and assisting shippers in making test shipments. A pattern was developed for
using 40- x 52-inch corrugated fiberboard slip sheets, with a 40- x 48-inch
loading surface, which permitted a load of 828 bagmasters in a trailer. Eight





Newsletter No. 24


hundred is considered the minimum number desirable in a load. Containers pro-
jected 1/4 inch beyond one end (opposite the pull tab) and 1-1/8 inch beyond
pallet edges on each side.

At one packinghouse which uses the above-mentioned pattern, loading in the
trailer is actually in two tiers; that is, one slip-sheet pallet on the floor of
the trailer carries 26 bagmasters, and another slip-sheet pallet on top of this
carries 20 bagmasters, making up a unit of 46 containers. Eighteen of these
two-tiered units are placed in the trailer. No glue or adhesive material is
placed between the layers of cartons. One turn of a high-strength tape is
placed around the top layer of the completed two-tiered unit. The management
at this packinghouse feels that tiering contributes considerably to the stability
of the unit load as a whole, because one slip sheet is at an intermediate point
relative to the full height of the load. Results from shipping-point examination
by the receiver have indicated that this load arrangement carries well and the
product arrives in good condition.

The standard 4/5-bushel carton, because of its dimensions, could be fitted
into a unitizing pattern for slip sheets to give better than the minimum number
desired for a trailer load. In trial operations, pallet patterns have contained
54 cartons, or 972 cartons per 18-pallet load, without an "intermediate" pallet
as was used for the bagmaster palletizing.

Thus far, nothing has been done in Florida citrus packinghouses to mechanize
the palletizing of containers. However, the labor costs are reduced through the
elimination of manual handling of containers. The elimination of manual handling
of containers in the shipping vehicle results in a saving in labor of approxi-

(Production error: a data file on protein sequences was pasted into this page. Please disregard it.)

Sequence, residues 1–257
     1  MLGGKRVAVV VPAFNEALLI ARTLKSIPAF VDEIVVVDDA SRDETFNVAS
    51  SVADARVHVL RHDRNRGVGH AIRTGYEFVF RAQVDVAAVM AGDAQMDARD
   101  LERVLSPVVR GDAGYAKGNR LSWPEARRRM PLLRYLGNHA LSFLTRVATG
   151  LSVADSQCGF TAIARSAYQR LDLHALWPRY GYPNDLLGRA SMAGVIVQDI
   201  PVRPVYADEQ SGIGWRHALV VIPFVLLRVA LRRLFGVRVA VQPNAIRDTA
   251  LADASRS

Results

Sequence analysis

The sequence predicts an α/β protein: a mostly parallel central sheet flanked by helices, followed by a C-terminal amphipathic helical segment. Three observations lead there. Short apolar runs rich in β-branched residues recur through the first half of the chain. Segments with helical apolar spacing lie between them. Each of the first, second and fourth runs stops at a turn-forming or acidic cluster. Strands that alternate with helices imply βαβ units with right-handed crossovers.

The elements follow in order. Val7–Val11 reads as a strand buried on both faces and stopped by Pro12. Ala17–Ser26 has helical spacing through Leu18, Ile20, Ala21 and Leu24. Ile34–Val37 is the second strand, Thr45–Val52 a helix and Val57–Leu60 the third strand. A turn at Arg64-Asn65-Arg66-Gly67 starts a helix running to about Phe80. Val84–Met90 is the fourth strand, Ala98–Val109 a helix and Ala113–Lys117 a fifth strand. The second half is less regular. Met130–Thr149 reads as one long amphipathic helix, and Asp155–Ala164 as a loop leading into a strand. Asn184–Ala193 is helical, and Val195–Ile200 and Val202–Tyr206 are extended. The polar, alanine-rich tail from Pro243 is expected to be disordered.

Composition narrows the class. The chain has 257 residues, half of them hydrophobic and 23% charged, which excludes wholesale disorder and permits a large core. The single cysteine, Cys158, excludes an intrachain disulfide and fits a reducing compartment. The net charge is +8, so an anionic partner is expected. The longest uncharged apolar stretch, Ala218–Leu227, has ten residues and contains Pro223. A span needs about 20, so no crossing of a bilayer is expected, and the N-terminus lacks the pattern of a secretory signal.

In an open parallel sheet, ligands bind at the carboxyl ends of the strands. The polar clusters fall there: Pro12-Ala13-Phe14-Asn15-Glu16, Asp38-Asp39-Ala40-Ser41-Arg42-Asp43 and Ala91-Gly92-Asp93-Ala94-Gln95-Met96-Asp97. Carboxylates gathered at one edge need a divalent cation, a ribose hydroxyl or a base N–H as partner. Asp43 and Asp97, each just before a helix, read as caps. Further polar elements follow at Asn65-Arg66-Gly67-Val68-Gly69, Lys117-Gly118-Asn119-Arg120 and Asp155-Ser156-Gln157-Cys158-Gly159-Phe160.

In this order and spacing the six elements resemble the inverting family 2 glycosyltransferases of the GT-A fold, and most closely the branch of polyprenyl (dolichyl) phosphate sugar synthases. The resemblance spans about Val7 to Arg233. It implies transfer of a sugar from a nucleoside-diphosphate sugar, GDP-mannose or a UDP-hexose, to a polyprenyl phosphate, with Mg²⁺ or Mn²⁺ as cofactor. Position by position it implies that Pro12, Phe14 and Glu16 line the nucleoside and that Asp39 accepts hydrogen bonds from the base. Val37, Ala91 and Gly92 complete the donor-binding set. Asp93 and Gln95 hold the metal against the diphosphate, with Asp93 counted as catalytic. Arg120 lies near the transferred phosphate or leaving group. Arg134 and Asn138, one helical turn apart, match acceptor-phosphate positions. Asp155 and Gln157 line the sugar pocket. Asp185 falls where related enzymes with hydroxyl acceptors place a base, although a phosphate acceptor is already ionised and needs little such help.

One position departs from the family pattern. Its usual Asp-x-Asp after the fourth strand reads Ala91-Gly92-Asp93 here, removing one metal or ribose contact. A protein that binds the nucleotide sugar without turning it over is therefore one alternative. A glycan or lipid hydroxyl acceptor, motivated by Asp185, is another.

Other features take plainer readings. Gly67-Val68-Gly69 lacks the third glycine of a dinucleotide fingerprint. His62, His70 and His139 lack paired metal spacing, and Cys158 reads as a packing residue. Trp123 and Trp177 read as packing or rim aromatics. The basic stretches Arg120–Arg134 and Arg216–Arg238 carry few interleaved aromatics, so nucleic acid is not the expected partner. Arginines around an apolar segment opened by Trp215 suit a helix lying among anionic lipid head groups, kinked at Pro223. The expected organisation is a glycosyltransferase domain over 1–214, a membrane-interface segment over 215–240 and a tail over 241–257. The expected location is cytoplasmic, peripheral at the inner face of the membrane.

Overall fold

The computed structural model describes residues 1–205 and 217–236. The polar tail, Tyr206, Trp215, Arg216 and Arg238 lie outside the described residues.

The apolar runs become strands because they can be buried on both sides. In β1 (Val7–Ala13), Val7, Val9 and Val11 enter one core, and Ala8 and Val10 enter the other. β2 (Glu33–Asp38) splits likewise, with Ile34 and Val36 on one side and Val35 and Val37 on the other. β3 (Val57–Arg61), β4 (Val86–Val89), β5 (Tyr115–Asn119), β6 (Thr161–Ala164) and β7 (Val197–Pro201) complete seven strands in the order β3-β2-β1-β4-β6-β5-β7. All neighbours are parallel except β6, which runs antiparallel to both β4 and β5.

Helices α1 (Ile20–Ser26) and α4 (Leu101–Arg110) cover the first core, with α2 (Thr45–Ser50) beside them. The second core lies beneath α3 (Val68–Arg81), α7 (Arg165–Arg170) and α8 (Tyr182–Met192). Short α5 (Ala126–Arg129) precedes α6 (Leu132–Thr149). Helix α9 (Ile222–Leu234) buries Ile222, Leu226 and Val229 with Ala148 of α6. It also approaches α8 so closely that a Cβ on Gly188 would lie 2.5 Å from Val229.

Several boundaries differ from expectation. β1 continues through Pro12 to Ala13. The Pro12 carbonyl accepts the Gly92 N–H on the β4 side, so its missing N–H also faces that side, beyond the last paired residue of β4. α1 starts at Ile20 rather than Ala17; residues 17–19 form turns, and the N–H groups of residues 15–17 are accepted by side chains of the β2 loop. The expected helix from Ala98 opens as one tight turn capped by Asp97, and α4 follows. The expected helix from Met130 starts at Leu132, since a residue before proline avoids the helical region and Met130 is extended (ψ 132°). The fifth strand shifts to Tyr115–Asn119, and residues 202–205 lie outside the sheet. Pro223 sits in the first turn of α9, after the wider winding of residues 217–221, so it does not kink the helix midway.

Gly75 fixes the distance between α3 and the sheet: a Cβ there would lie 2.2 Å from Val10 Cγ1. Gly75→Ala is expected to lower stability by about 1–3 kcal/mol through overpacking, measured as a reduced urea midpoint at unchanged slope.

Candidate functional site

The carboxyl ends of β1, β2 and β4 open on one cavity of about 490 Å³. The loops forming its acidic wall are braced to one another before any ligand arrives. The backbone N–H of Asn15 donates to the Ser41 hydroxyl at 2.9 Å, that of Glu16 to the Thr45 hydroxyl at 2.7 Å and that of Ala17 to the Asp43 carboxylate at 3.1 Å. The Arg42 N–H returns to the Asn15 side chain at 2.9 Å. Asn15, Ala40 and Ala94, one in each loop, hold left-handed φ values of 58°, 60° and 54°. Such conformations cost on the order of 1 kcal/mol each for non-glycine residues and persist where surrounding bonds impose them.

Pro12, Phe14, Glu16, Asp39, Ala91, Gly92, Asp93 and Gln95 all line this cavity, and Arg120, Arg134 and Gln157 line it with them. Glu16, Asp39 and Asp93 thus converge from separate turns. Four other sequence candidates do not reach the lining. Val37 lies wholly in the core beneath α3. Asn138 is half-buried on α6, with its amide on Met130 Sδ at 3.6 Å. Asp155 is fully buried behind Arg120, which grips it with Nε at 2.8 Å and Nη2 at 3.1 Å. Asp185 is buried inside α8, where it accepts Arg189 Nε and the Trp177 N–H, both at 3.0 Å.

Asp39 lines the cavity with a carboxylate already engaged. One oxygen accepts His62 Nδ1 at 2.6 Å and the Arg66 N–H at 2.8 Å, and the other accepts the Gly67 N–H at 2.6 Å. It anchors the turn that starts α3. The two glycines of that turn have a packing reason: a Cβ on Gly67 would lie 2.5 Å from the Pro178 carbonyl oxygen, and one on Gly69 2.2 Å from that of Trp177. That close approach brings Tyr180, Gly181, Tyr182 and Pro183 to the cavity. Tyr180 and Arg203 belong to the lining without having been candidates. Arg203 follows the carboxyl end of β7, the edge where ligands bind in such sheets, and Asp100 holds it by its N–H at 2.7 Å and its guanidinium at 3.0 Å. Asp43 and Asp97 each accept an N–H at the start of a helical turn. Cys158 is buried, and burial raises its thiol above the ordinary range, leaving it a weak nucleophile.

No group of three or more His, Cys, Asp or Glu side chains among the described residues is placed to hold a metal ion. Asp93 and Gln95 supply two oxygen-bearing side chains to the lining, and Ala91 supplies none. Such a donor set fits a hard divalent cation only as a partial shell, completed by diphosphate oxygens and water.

mately 0.113 man-hours per ton, or 2 man-hours per trailer load of 18 pallet
units. At the destination, the manual handling involved in placing individual
containers onto pallets is eliminated, giving a labor saving of approximately the
same amount per load (2 man-hours) as at the shipping point. In addition,
the time required for handling empty pallets of the conventional type is saved
at both the shipping and receiving points, though a value for the time saved is
not currently available.

Trial operations have indicated the following additional cost effects of
using corrugated fiberboard slip sheets:

1. The lift truck with equipment for handling slip-sheet pallets
costs approximately $12,000.

2. Adding equipment for handling slip-sheet pallets to an existing
forklift truck of 4000-pound capacity costs about $4,000 to $5,000,
including side shifter.

3. The 40- x 48-inch (loading surface) slip sheets of corrugated
fiberboard cost about 25 cents each.

4. The cost of the high-strength tape is about $2.00 per trailer load.

2/ Marketing Research Report No. 478 "Receiving Fruits and Vegetables
in Wholesale Warehouses" Transportation and Facilities Research Division,
Agricultural Marketing Service, U. S. Department of Agriculture.


August 11, 1969






Newsletter No. 24


5. The bagmaster box may have to be strengthened by heavier stock, in
the lid only, to withstand the vertical pressure in a unit load of
46 bagmasters, which would increase the cost by 2 to 3 cents per
carton.

The slip-sheet type is the lowest in cost of the expendable pallets, though
it requires more expensive lift truck equipment than a type of expendable pallet
that can be used with regular forks on the lift truck.

When too many different kinds of fruit in small quantities must go into
one trailer, difficulty arises in using the palletized method of shipment, be-
cause some small-quantity items may not fill one pallet with the given item.

Earl K. Bowman, Industrial Engineer
Transportation and Facilities Research
Division, Agricultural Research
Service, U. S. Department of Agriculture.


PACKINGHOUSE NEWSLETTER COVER

We are indebted to Mrs. Brenda Hawarah, Secretary, Citrus Experiment Station
for the preparation of our new cover and wish to thank her for her talented
assistance.


THE NEWSLETTER ACQUIRES AN EDITOR

Attention is drawn to the fact that not only do we have a new cover (courtesy
of Mrs. Brenda Hawarah in our Secretarial Office) but our "masthead" now includes
an editor--Dr. W. F. Wardowski. Will Wardowski is a member of the Florida Agri-
cultural Extension Service and a member of the Harvesting and Handling Section
at Lake Alfred. To the best of our knowledge he is the first Extension Specialist
in the field of postharvest handling of fruits.

He comes to us from Michigan where he grew up on a fruit farm and took his